Jade Trade: Official Export Earnings Down for 2015
By Kyaw Hsu Mon 16 February 2016
RANGOON — Revenue derived from Burma’s official jade exports declined in the first nine months of the 2015-16 fiscal year, as the lucrative industry continues to draw fire over safety, ethical and environmental concerns.
According to figures from the Ministry of Commerce, US$567 million in revenue was derived from jade exports from April to December last year, compared to $1.4 billion for the 2014-15 fiscal year.
Seaborne trade accounted for $262 million, while $305 million was attributed to overland trade.
On the apparent drop in official export figures—albeit with three months of the fiscal year yet to be tallied—Win Myint, director of the Ministry of Commerce’s trade promotion department, said the government was “really only stimulating the jade market within Burma.”
The last jade emporium, held exclusively for domestic traders, took place in December in Naypyidaw, with over 6,800 lots on display.
While the precious stone is sold officially at separate emporiums for domestic and international buyers, the majority of Burma’s jade is smuggled illegally over the border with China. The extent of illegal earnings is not captured in official data but a report by Global Witness in October last year estimated that up to $31 billion in jade left the country in 2014.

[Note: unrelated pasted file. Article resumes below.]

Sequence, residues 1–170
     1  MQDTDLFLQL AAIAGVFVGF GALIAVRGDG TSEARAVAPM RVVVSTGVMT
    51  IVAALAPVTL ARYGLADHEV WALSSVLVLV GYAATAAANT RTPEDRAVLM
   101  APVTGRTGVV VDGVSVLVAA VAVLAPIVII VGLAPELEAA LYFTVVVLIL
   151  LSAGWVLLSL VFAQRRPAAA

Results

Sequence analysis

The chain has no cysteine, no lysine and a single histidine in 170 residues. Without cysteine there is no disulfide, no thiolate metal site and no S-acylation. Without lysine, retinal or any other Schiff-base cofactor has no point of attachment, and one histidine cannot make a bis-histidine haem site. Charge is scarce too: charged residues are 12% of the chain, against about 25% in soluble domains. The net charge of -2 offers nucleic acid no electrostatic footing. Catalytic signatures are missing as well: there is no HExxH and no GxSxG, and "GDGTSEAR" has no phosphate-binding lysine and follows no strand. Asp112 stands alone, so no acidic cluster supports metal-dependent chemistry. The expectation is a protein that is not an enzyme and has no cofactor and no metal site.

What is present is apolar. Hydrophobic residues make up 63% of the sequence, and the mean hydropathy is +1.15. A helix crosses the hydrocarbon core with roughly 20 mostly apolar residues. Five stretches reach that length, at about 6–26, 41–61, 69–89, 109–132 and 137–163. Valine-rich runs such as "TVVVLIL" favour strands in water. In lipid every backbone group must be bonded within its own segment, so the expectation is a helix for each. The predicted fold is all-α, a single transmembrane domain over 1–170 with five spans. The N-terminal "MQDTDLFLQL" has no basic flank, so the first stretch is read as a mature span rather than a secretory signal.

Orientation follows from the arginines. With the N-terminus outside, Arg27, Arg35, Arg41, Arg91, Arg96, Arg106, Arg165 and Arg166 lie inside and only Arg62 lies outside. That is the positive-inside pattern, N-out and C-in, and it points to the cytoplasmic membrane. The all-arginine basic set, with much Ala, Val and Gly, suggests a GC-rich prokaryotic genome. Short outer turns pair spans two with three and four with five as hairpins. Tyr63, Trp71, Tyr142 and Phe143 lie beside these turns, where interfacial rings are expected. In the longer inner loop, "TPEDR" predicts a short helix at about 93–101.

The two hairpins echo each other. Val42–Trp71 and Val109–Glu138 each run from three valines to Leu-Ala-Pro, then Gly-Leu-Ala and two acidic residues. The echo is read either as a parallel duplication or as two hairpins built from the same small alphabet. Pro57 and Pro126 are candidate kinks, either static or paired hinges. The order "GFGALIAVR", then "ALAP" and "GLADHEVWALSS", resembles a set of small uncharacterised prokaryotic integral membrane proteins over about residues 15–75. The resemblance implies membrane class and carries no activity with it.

The watchdog’s investigation found that much of the profit from the illicit trade was linked to government and military elites.
The industry was also tarnished by a series of deadly landslides in Kachin State’s Hpakant in 2015, the worst of which killed over 100 local prospectors in November. Many so-called hand-pickers are drawn to Hpakant Township from around the country to sift through huge piles of waste discarded by mining companies in search of valuable stone.
Jade remains one of Burma’s key export items, with China, Hong Kong and Taiwan among the leading target countries. As quoted in the state-run Global New Light of Myanmar on Tuesday, an unnamed commerce ministry official said total exports were still expected to hit $1 billion by the close of the current fiscal year.
Tun Hla Aung, secretary of the Myanmar Gems and Jewelry Entrepreneurs Association, said the Chinese government was more strictly monitoring large overseas bank transfers, limiting Chinese traders’ ability to acquire funds to purchase jade.
Min Thu, assistant director of the Myanmar Gems Enterprise, concurred that “many Chinese jade traders couldn’t get loans from banks to make jade purchases.”